Okay, this is more of an early character sketch I wrote a while ago for a story I'm considering writing than anything else. Please keep that in mind while reading it. :-). Based on Diablo II: Lord of Destruction, and the Expansion.
UPDATE: These characters and their story, over the many years since their conception and this particular short story, have since been fleshed out into what will hopefully be an original novel. The first three parts of Book 1 are posted on fictionpress, at www fictionpress com /s/2484195/1/Voidbringer(underscore)Book(underscore)1(undersscore)Death (remove the spaces and insert underscores where FF won't let me have them)- please check them out!
My brothers were characters to say the least.
I never spent an incredible amount of time with them, owing to the fact that Anubis, the youngest of the two, was himself 15 when I was born, Galen four years his senior. Galen completed his training the year I was born and was accepted into the Order, leaving home the next, but he wrote me letters that my father used to read to me before he fell and he visited whenever he got the chance. When I could write my own letters I did so, so I never really felt deprived of my oldest brother.
Anubis, on the other hand, never really left home – not back then anyway. He moved out of the house and out into the jungle somewhere, but he was back everyday to talk to our parents, show me whatever new disgusting things he'd found (I was his replacement for Galen in that respect), and to eat; cooking was something he'd never quite gotten the hang of. It didn't involve blowing things up, and/or raising them from the dead. Generally speaking he had no interest in those kinds of things.
Anubis wasn't his real name of course. Mother had been told by the old mage Ormus that her second pregnancy would result in a girl. Alkor had laughed and muttered and told Mother not to pay any attention to Ormus, but Mother put great stock in the things Ormus told her, and had her heart set on a girl by the time Anubis was born. Completely unfazed by the fact that Anubis was a boy, she named him Anni anyway. It was Galen that gave him the name Anubis. Galen spent a large part of his childhood beating up the people who threatened to beat up Anubis because of his name. He got tired of it finally and picked a name from one of the fantasy stories Alkor used to tell him: Anubis, God of Death. He said it was suitably imposing and that it fit Anubis anyway: his obsession with dead things started young. Everyone thought he'd grow out of it . . . everyone was wrong. The name, and the obsession, stuck.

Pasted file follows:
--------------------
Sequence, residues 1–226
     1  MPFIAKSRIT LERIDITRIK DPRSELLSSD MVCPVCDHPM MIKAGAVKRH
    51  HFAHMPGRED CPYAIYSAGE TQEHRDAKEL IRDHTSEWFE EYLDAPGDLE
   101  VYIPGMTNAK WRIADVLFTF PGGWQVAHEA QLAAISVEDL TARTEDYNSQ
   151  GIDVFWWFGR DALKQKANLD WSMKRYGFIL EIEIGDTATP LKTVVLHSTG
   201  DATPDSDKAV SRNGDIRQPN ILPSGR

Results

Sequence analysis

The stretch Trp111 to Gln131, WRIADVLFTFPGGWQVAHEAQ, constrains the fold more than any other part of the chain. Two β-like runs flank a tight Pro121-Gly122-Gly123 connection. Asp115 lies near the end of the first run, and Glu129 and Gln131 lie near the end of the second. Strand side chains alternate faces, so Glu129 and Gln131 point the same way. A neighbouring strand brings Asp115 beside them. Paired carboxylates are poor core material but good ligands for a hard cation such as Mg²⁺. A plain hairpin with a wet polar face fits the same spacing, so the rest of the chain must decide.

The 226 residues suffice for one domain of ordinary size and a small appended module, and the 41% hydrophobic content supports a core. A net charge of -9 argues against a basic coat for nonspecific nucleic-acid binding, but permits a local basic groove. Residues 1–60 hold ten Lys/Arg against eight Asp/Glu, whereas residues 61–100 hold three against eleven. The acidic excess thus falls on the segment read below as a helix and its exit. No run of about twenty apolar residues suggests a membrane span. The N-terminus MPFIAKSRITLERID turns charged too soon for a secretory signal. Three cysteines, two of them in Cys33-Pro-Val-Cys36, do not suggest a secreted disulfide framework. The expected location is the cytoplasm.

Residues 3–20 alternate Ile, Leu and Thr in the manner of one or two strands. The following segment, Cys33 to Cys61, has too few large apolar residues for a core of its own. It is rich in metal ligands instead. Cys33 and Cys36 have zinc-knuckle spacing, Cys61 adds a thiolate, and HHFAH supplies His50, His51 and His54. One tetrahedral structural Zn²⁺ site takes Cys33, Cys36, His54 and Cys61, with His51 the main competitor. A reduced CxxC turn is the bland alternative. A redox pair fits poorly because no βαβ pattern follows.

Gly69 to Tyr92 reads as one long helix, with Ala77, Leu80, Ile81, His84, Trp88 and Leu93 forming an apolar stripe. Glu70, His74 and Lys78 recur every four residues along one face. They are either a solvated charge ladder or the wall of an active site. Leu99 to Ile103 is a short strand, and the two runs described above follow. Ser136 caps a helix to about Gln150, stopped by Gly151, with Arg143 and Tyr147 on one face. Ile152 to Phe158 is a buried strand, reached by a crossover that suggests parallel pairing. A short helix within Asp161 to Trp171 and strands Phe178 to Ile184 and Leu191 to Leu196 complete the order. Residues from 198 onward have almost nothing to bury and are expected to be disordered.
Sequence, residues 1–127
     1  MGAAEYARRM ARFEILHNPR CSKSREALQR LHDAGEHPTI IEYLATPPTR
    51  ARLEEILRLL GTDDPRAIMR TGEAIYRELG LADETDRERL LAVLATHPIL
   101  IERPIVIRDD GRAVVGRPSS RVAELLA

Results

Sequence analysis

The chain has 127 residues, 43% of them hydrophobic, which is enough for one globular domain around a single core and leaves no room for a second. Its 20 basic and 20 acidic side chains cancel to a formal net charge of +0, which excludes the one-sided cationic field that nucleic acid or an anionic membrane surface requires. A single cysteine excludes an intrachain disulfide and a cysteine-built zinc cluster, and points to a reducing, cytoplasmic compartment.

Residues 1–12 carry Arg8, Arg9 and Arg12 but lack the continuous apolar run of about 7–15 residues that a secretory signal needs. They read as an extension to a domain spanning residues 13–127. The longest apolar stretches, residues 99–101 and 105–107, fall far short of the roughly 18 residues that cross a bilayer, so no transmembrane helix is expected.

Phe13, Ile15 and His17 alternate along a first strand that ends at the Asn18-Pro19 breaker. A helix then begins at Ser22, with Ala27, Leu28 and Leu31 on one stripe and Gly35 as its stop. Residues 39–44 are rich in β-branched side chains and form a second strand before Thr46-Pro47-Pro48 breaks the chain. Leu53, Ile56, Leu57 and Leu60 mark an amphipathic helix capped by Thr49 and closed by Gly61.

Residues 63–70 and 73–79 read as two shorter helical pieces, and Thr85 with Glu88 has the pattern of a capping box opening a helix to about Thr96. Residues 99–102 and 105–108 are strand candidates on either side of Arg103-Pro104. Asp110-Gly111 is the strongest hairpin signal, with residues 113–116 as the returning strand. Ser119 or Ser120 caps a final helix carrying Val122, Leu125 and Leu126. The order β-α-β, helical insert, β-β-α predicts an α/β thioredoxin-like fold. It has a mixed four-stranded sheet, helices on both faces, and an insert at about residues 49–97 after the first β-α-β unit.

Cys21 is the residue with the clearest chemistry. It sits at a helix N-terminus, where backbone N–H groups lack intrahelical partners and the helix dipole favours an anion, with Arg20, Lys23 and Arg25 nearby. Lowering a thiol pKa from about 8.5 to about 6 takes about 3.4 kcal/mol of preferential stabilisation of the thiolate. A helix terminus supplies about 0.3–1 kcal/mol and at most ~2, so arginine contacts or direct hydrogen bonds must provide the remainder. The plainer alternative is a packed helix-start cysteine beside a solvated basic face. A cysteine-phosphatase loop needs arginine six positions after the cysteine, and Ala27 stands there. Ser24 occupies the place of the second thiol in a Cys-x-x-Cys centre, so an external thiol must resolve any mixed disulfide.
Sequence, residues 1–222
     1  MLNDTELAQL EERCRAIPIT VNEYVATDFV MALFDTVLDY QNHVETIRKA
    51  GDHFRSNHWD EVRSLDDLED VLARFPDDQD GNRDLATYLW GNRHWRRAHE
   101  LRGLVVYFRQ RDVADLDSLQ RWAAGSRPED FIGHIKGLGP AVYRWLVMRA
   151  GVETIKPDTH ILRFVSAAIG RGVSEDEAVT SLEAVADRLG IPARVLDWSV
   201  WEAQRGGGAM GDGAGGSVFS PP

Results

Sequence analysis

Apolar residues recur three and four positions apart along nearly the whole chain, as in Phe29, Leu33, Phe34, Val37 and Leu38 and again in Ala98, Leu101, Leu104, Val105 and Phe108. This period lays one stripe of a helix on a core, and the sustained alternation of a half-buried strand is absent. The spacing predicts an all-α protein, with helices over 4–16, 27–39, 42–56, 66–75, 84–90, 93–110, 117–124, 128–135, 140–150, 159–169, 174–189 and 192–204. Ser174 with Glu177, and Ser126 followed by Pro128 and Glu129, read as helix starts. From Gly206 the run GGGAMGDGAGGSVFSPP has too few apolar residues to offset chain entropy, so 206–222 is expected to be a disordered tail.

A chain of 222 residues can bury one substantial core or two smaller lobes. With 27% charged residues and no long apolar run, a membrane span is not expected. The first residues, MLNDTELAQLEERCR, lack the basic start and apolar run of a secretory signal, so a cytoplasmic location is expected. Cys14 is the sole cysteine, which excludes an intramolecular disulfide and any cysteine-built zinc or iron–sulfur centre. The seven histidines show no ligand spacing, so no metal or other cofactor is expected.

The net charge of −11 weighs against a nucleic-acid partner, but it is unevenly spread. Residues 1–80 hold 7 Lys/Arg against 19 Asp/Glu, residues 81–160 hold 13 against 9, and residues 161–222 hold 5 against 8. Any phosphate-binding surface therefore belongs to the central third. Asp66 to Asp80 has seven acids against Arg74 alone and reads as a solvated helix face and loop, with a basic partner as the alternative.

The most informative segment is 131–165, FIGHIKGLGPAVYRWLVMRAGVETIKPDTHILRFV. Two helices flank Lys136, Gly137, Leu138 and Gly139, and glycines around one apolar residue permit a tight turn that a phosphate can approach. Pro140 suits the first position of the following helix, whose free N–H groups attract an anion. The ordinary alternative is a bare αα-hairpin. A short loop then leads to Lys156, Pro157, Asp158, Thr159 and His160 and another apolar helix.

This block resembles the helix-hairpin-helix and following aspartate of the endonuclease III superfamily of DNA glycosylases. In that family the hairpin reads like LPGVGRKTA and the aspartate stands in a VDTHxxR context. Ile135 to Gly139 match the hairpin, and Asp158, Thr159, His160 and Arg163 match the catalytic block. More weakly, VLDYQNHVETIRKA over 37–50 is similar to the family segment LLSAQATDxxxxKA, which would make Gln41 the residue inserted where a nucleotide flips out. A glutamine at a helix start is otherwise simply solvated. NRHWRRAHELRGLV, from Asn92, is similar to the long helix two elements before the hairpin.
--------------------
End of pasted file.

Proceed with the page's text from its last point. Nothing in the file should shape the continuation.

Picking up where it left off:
The two were almost inseparable when they were young – oftentimes to Galen's chagrin. Though he didn't always enjoy the role of the older brother, he took it, and himself, very seriously. He used to get mad at Anubis for following him around all the time, and never once understood Anubis' interest in death and magic, but he'd jump to defend him if someone else tried taking offence to it. One of mother's favorite stories about the boys was the time Galen had come home, with Anubis on his back piggy-back style sobbing over something one of the older boys at Galen's school had called him. Galen had dropped him off at home and left again without saying a word, returning later that day with a set of split knuckles. The kid who'd bothered Anubis hadn't been seen for the next two weeks, and when he finally did come back, he flinched every time Galen looked at him. Galen, to this day, will furiously deny having done anything to defend the 'whining, foolish, cry-baby.' Anubis just gives him one of his patented foolish grins and lets it go.
Galen always had a thing for protecting people. Mother had always wanted a Barb for a son. She got a Paladin. She was disappointed until Father pointed out that a Paladin was essentially a Barb with class. That had more or less put things into perspective for her, and she took heartily to the idea of Galen being a Paladin.
Anubis had always looked up to Galen with the typical little-brother complex. He was a loveable, enthusiastic, excitable little kid (who didn't every really get big), and who was never quite able to grasp the fact that Galen didn't get excited over things like severed unraveller heads, chipped skulls, and other assorted items that made wet, squishing noises. Anubis liked the noises; they made Galen turn green. Galen's seen a lot of gore in his time as a Paladin, but never as much as what Anubis used to bring home from the swamps. We never could figure out where he was finding this stuff. It's not like he killed the things he brought home . . ..